Swimming Pools Are a Great Way to Beat the Heat, but Be Sure to Consider the Insurance and Safety Implications

NEW YORK, July 11, 2007 — With temperatures soaring throughout the country, many people will be taking advantage of the heat-beating delights of a swimming pool. Whether you have a luxury in-ground pool, or plan to blow up the simplest of inflatable above-ground pools, it is important to consider the insurance and safety implications, according to the Insurance Information Institute (I.I.I).

Swimming pools have been steadily rising in popularity, with more than 8.3 million households owning an in-ground or above-ground pool—up almost 10 percent since 2002, according to an annual report by the Association of Pool and Spa professions. If you include hot tubs, the number rises to almost 14 million.

“All pools—from a simple kiddy pool to an aquatic extravaganza—can be dangerous and need to be properly insured and comply with local safety standards,” said Jeanne M. Salvatore, senior vice president and consumer spokesperson for the I.I.I.

According to the latest data from the Centers for Disease Control, over 3,300 people drowned in 2004. Among children ages 1 to 4, the majority drowned in residential swimming pools and had been out of sight of their parents or caretakers for less than five minutes. Fatal drowning remains the second-leading cause of unintentional injury-related death for children ages 1 to 14 years; for every child who dies from drowning, five receive emergency department care for nonfatal submersion injuries.

The I.I.I. suggests taking the following steps when considering a pool:

  • Contact your town or municipality
    Each town will have its own definition of a “pool,” often based on its size and water depth. If the pool you are planning to buy meets the definition, then you must comply with local safety standards and building codes. This may include installing a fence of a certain size, locks, decks and pool safety equipment.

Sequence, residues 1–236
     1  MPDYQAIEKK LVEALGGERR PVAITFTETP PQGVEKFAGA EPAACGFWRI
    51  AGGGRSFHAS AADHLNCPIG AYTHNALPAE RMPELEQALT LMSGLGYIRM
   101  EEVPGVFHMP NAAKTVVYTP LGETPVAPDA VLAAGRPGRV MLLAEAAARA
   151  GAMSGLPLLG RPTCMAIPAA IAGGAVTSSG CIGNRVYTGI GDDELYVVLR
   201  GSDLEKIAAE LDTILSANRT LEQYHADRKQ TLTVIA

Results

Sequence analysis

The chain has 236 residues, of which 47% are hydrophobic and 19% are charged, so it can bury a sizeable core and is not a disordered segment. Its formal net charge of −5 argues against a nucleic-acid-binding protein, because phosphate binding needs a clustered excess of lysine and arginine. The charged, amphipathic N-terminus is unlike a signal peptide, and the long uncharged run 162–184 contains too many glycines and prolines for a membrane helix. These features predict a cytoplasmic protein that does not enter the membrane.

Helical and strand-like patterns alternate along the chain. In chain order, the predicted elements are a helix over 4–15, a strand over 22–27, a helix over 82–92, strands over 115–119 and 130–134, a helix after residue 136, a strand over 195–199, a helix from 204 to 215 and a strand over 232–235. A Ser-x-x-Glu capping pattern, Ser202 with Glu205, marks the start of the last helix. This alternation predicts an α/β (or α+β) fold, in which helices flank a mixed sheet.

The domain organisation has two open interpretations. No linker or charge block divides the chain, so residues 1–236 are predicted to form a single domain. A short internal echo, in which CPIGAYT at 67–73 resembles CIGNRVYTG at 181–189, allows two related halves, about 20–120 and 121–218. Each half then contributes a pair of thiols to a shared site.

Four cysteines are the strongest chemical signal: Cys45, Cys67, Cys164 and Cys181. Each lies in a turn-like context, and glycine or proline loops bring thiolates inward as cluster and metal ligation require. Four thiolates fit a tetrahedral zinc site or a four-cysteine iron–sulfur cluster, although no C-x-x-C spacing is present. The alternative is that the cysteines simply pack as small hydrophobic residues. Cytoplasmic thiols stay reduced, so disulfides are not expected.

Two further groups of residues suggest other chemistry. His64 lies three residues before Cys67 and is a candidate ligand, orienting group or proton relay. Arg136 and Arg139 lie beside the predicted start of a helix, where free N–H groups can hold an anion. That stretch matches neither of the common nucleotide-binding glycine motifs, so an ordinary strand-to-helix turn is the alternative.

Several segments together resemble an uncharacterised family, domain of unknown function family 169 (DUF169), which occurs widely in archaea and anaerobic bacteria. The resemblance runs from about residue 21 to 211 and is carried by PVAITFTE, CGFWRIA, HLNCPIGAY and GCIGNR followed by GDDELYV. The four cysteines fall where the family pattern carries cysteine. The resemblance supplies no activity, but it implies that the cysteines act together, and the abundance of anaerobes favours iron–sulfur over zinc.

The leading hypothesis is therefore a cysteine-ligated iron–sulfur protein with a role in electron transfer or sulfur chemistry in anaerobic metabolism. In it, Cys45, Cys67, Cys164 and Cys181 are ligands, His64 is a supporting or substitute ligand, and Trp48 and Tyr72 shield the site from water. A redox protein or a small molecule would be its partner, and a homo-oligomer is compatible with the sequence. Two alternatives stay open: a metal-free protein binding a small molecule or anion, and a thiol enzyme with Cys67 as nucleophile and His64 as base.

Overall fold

• Call your insurance agent or company representative
    Let your insurance company know that you have a pool, since it will increase your liability risk. Pools are considered an “attractive nuisance” and it may be advisable to purchase additional liability insurance. Most homeowners policies include a minimum of $100,000 worth of liability protection. Pool owners, however, may want to consider increasing the amount to $300,000 or $500,000.

You may also want to talk to your agent or company representative about purchasing an umbrella liability policy. For an additional premium of about $200 to $300 a year, you can get $1 million of liability protection over and above what you have on your home. This would also provide added liability protection when you drive.

If the pool, itself, is expensive, you should also have enough insurance protection to replace it in the event it is destroyed by a storm or other disaster.

The I.I.I. also recommends taking the following safety precautions:

  1. fencing around the pool area to keep people from using the pool without your knowledge. In addition to the fences or other barriers required by many towns, consider creating “layers of protection” around the pool, i.e. setting up as many barriers as possible (door alarms, locks and safety covers) to the pool area when not in use.
  2. Never leave small children unsupervised—even for a few seconds. And never leave toys or floats in the pool when not in use as they may prove to be a deadly temptation for toddlers trying to reach them.
  3. Keep children away from pool filters and other mechanical devices as the suction force may injure them or prevent them from surfacing. In case of an emergency, know how to shut off these devices and clearly post this information.
  4. Be sure all pool users know how to swim. Learners should be accompanied by a good swimmer. If you have children, have them take swimming lessons as early as possible. And, don’t allow anyone to swim alone.
  5. Check the pool area regularly for glass bottles, toys or other potential accident hazards. Also, keep CD players, radios and other electrical devices away from pools or nearby wet surfaces.
  6. Clearly post emergency numbers on the phone, in the event of an accident. Keep a first aid kit, ring buoys and reaching poles near the pool. You may also want to consider taking basic first aid and CPR training.

For more insurance and safety information, go to the I.I.I. Web site.